CANNES — Guillermo del Toro will godfather this October’s milestone edition of the Sitges’ Catalonia Intl. Fantastic Film Festival as the famed fantasy-genre fest celebrates its 50th edition and genre gains ever greater mainstream acceptance.
A hallowed place of pilgrimage for genre aficionados worldwide, fishing village-set Sitges launched in 1968 the first Intl. Week of Fantastic Cinema, a bastion of fantasy films and avant-garde film debate which implicitly stood up to Francisco Franco’s arcane dictatorship. Sitges’ Catalonia Intl. Fantastic Film Festival is now one of Europe’s biggest genre events, notching up about 200,000 attendees last year, according to organizers.
For del Toro, godfathering is a debt repaid. “Sitges was, in my mind as a young filmmaker, the Mecca,” he recalls. “Being there with my first film, ‘Cronos,’ and winning the Maria Prize, was a giant boost. A year later, receiving the lifetime achievement award, I felt similarly reinvigorated and went on to create ‘Pan’s Labyrinth.’”
He added: “I keep going back to Sitges to restructure, create and meet key collaborators (like Antonio Trashorras or DDT FX). A festival can have an intimate relationship with a filmmaker’s creative story and energies.”
Also a platform for Catalan auteur genre production, arguably Europe’s strongest smart genre strain, Sitges has played a crucial role connecting iconic creators.
Now directing “Jurassic World,” J.A. Bayona said he first met Guillermo del Toro when he presented “Cronos” at Sitges. “Years later, in the same festival corridors, we closed the deal to produce ‘The Orphanage,’ my first movie. Coming back to Sitges is coming back home.”
Sitges was an early champion of Asian auteur genre cinema in Europe, and has become a bellwether of genre trends worldwide, such as move towards the mainstream.
“Despite relatively small budgets, Jordan Peele’s ‘Get Out,’ M. Night Shyamalan’s ‘Split’ and James Wan’s ‘The Conjuring’ have smashed the U.S. box office $200 million mark. That didn’t happen years ago,” says Ángel Sala, fest director since 2001.
“The films screened there are often challenging and festival is run by the most delightful individuals. Not only is the backdrop of the cityscape magnificent, the audiences are filled with admiration for the filmed arts. This festival is a truly meaningful one for us filmmakers,” said Japanese director Takashi Miike (“Yakuza Apocalypse”).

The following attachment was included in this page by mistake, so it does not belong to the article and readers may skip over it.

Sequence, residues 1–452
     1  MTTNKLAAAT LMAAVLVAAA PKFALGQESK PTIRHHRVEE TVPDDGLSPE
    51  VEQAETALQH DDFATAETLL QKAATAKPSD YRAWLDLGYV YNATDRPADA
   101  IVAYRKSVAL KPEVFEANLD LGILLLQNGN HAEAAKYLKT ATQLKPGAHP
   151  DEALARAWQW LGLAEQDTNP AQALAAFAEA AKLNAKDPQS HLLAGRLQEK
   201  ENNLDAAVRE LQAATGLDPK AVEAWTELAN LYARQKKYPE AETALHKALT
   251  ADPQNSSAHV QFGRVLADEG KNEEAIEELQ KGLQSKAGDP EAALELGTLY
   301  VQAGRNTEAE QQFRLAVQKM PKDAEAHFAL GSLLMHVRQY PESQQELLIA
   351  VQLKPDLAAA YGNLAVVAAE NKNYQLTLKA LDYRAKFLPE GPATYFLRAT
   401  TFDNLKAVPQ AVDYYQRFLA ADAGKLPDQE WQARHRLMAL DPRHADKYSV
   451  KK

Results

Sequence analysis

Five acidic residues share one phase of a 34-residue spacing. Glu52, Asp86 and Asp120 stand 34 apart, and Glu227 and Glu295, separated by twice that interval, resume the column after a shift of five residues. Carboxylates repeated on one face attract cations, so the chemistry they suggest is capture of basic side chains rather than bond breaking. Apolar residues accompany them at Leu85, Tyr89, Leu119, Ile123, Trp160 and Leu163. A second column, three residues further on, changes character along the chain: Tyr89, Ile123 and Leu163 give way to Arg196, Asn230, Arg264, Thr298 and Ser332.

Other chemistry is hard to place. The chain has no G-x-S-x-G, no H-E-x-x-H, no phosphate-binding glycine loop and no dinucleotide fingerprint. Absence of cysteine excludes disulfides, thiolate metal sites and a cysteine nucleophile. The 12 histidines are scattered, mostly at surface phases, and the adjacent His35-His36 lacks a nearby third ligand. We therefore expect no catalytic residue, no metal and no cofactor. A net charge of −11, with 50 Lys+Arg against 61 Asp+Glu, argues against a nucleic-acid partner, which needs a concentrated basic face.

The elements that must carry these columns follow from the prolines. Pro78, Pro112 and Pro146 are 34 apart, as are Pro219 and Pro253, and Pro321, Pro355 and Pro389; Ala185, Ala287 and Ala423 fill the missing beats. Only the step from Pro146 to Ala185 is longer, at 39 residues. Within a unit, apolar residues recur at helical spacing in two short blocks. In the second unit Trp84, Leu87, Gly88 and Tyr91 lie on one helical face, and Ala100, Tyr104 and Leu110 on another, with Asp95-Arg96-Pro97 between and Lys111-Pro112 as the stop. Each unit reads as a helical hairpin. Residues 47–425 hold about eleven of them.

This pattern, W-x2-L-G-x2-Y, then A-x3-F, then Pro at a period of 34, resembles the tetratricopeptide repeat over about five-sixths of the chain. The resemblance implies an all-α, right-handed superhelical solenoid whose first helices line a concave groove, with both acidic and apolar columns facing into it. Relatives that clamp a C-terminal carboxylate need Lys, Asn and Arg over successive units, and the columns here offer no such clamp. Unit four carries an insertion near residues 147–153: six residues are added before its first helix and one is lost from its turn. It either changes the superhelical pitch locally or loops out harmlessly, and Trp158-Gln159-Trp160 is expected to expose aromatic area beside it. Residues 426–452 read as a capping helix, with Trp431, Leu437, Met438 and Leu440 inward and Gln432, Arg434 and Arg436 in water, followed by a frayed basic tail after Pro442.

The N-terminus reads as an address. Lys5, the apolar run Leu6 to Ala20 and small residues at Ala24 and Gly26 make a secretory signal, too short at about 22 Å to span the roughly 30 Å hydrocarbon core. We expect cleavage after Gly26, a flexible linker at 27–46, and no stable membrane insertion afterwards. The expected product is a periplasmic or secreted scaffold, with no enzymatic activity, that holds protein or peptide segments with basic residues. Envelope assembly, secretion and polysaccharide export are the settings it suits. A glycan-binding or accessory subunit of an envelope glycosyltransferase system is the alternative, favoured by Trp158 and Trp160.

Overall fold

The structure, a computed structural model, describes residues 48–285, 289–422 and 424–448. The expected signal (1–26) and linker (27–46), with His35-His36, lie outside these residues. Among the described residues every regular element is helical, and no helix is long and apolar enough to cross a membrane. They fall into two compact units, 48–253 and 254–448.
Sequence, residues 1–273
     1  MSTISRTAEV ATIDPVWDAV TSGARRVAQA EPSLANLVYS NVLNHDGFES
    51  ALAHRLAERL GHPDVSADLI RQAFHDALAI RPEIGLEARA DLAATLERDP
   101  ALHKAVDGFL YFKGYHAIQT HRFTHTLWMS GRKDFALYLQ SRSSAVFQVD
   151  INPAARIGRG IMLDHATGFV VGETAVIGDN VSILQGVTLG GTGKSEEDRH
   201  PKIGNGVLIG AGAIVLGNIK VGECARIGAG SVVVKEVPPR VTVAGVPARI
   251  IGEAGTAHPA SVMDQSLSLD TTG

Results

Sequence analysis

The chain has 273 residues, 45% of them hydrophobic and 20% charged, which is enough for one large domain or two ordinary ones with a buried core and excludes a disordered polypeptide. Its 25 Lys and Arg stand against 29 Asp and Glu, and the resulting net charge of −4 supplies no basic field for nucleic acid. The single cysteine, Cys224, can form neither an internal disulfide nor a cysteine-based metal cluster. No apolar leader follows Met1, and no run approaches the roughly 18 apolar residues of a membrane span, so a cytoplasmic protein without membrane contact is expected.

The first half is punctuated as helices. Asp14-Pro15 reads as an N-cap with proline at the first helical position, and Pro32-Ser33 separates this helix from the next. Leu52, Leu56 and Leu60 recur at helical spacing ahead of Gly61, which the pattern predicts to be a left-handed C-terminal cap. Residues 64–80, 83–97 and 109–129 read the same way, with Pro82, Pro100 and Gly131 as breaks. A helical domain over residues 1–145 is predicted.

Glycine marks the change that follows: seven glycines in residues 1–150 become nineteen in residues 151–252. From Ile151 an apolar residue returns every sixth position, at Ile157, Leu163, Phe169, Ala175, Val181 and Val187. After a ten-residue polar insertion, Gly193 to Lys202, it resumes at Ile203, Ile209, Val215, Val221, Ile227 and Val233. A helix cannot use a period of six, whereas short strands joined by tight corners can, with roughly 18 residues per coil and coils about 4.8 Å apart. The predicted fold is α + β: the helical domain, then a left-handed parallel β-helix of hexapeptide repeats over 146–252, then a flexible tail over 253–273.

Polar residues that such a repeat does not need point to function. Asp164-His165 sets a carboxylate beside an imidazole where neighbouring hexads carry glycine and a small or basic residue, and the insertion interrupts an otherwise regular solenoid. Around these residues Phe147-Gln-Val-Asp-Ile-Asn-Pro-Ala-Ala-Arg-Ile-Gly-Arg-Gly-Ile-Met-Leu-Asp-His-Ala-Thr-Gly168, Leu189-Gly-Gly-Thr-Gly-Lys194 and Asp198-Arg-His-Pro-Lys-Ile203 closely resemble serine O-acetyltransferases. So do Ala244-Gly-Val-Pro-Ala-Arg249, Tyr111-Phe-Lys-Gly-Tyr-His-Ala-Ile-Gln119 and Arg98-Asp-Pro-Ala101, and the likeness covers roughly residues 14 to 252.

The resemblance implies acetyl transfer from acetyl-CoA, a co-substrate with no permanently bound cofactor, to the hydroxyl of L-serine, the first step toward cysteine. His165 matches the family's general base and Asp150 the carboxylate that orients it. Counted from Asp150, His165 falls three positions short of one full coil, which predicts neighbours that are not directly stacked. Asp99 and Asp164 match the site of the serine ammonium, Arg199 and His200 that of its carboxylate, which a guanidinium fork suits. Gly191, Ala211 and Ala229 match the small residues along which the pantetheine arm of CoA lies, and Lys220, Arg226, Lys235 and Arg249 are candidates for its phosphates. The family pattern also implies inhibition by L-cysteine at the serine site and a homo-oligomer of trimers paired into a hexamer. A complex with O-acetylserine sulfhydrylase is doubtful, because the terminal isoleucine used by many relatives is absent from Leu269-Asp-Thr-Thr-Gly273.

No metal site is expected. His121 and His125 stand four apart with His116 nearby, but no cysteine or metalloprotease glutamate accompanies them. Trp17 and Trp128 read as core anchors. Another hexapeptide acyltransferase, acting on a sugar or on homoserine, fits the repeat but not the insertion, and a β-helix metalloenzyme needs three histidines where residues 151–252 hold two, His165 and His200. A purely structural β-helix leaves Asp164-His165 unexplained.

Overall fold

Sala also underscored the impact on fantastic film of Netflix. He is confident its originals will see limited theatrical releases; more and more series will hit festivals as well, he predicted.
“The world isn’t what it was 10 years ago and festivals can’t escape that,” Sala added, announcing that Sitges will be very open to “serialized fiction.”
In international terms, Sitges’ 50th edition catches fantastic film in an expansive mode.
”South Korea, as last year, is offering a robust crop of films, as is Japan. China is increasingly open to new contents in horror,” Sala said.
He added: “In Europe, we have been left a bit behind. But I think the continent will resurface with new autuers in France and the Nordic countries and Russia merits attention. Beyond that, Latin America continues being a real phenomenon,” Sala said.
More than anything, perhaps, Sitges has served as a late-night film school for great future genre directors. “Since my childhood, Sitges has been an inspiration as a spectator and then filmmaker; it’s a main part of what I am as a director,” said (“[REC]”)’s Jaume Balagueró.
The 50th Sitges Catalonia Intl. Fantastic Film Festival runs Oct. 5-15.